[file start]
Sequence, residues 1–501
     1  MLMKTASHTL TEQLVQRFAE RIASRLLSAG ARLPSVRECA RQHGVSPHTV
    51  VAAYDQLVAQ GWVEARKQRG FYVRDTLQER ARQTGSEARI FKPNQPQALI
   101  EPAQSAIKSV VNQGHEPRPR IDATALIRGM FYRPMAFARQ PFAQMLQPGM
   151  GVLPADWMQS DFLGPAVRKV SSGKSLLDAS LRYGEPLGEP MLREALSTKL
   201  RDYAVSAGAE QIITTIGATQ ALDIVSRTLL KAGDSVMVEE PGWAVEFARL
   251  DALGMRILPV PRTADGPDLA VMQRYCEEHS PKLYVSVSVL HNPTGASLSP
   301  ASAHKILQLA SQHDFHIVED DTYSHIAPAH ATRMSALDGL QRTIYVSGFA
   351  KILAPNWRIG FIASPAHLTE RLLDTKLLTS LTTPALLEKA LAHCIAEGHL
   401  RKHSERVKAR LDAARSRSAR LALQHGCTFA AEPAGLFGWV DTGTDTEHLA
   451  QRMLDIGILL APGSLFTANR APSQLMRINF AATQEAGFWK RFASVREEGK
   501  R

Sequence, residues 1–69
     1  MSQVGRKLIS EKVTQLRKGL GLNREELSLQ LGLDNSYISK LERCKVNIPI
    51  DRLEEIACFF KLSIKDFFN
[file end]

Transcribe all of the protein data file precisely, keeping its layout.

Sequence, residues 1–501
     1  MLMKTASHTL TEQLVQRFAE RIASRLLSAG ARLPSVRECA RQHGVSPHTV
    51  VAAYDQLVAQ GWVEARKQRG FYVRDTLQER ARQTGSEARI FKPNQPQALI
   101  EPAQSAIKSV VNQGHEPRPR IDATALIRGM FYRPMAFARQ PFAQMLQPGM
   151  GVLPADWMQS DFLGPAVRKV SSGKSLLDAS LRYGEPLGEP MLREALSTKL
   201  RDYAVSAGAE QIITTIGATQ ALDIVSRTLL KAGDSVMVEE PGWAVEFARL
   251  DALGMRILPV PRTADGPDLA VMQRYCEEHS PKLYVSVSVL HNPTGASLSP
   301  ASAHKILQLA SQHDFHIVED DTYSHIAPAH ATRMSALDGL QRTIYVSGFA
   351  KILAPNWRIG FIASPAHLTE RLLDTKLLTS LTTPALLEKA LAHCIAEGHL
   401  RKHSERVKAR LDAARSRSAR LALQHGCTFA AEPAGLFGWV DTGTDTEHLA
   451  QRMLDIGILL APGSLFTANR APSQLMRINF AATQEAGFWK RFASVREEGK
   501  R

Sequence, residues 1–69
     1  MSQVGRKLIS EKVTQLRKGL GLNREELSLQ LGLDNSYISK LERCKVNIPI
    51  DRLEEIACFF KLSIKDFFN